The Workout Effect
It’s been in the news and all over the sweaty faces of gym bunnies everywhere: working out makes you feel good. But what if working out could help you in other ways?
Here are 7 benefits of working out that aren’t tied to a sexy physique (though that is a perk).
CLARITY AND CONCENTRATION
An active body equals an active mind. Exercise increases blood flow to your brain. Think of how going for a walk can clear your mind. When you’re at work and can’t concentrate, talk a walk around the block. For an even better brain workout, try a new exercise, like yoga or spinning. Learning new ways to exercise leads to increase functionality in the brain, just like learning a new activity at work or reading a book.
Sweat builds up. And it brings along a few of its toxin buddies. Take a few weeks off exercising and you will notice an increase in the amount you sweat. Regular exercise cuts down on the amount of toxins being released at once. (A tip for those who have lived through New York summers: try some hot yoga. It will get your body used to sweating in a high-humidity, high-temp environment and you won’t suffer as much when the weather channel reports make you want to flee to Antarctica.)
Don’t make working out a chore. Exercise can be a fun way to spend an afternoon. Think about getting friends together for a hike or a walk across the Brooklyn Bridge. (Walking from Union Square across the Brooklyn Bridge and back is over 5 miles!) Live near a beach? Walking on sand is excellent for your thighs and butt. Go for a run along the shore. Everybody else busy? Crank up some tunes!
Exercise improves the quality of sleep. A study showed that 29 women and 14 men with mild sleep complaints, after 16 weeks of moderate exercise (30 minutes of exercise, 4 times per week), were able to fall asleep 15 minutes earlier and sleep 45 minutes longer. That’s a full hour of gained sleep!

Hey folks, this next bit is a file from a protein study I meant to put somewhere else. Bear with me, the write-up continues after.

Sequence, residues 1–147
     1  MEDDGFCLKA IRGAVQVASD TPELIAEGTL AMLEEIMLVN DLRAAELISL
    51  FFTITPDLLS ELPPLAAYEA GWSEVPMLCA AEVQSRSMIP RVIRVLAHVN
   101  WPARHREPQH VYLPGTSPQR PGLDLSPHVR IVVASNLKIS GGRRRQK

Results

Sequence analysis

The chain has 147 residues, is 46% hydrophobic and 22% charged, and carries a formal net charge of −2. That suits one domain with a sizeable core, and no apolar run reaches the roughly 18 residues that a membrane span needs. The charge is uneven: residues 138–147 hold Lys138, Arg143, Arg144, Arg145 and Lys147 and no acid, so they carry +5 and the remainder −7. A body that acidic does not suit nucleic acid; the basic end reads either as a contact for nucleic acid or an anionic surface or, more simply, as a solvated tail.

The sleep-exercise connection takes time. Make sure you schedule your exercise 5-6 hours before bedtime, as a drop in body temperature will help you sleep more soundly. The exercise must make you sweat, as studies have shown that non-aerobic exercise did not aid sound sleep. And you must keep at it. The improvement could take around 16 weeks to begin. (But if you look at the other benefits of exercise, why would you stop?)
Combining the aspects of cleansing and clarity, exercise also brings stress relief. Aerobic exercise is a great way to take out aggression. If you’ve ever taken a spin class, half of the people look like they are about to be thrown into a boxing ring, but we don’t think it has anything to do with the instructor’s choice of music. Physical exercise is a great outlet and an excellent way to get your body and mind pumping. The post-workout experience also has a calming effect on many, which will allow you to not overreact.
It may sound corny, but exercise helps you live! Exercise is an investment in your health. Exercise strengthens your body so it can battle diseases and be resilient. People who choose to exercise regularly live longer lives and stay healthier into old age.
Yes, looking good helps this, but we’re mainly talking about strength and endurance. Many begin exercising to achieve a goal, be it to run a marathon, complete a perfect chin-up or just not lose their breath getting to their 4th floor walk-up apartment. Success builds self confidence. Feeling like you are working towards an accomplishment will build self confidence.
Remember, small accomplishments lead to bigger accomplishments.
September is National Yoga Month. It’s time to break out the mats, slap on the headbands and twist, flex and stretch our way to better backs.
For the month of September, we’re going to outline a few simple yoga moves that can assist with back stiffness, reduce and sometimes even alleviate back pain and create a greater flexibility in an area that, well, let’s face it, can be utterly inflexible.
If you’re a yogi and know these poses well, we urge you to teach them to a friend, who may not be aware of the incredible benefits yoga has for the back, spine, circulatory and nervous systems.
The most important thing to remember during yoga is to breathe. There is no weakness in taking a break and starting over. A good student knows when to stop. Yoga is a process and takes practice. Breathe deeply through your nose and listen to your body and you will be fine.
DOWNWARD FACING DOG
A yoga staple, Downward Facing Dog, or Adho Mukha Svanasana, may feel a bit demanding to the beginner yogi.
Standing in an upright position, you bend so that your palms are flat on the floor. Your objective is to press your heels towards the floor, while extending upwards through the tops of your thighs. Similarly, press the pads of your fingers into the floor so as not to grip with your palms and internally rotate your arms, so that the knobby parts of your elbows are facing inwards. Your neck should be loose and your head should be by your chest. Try not to grip your shoulders and concentrate, once you have the above stance, pulling your shoulder blades away from your ears.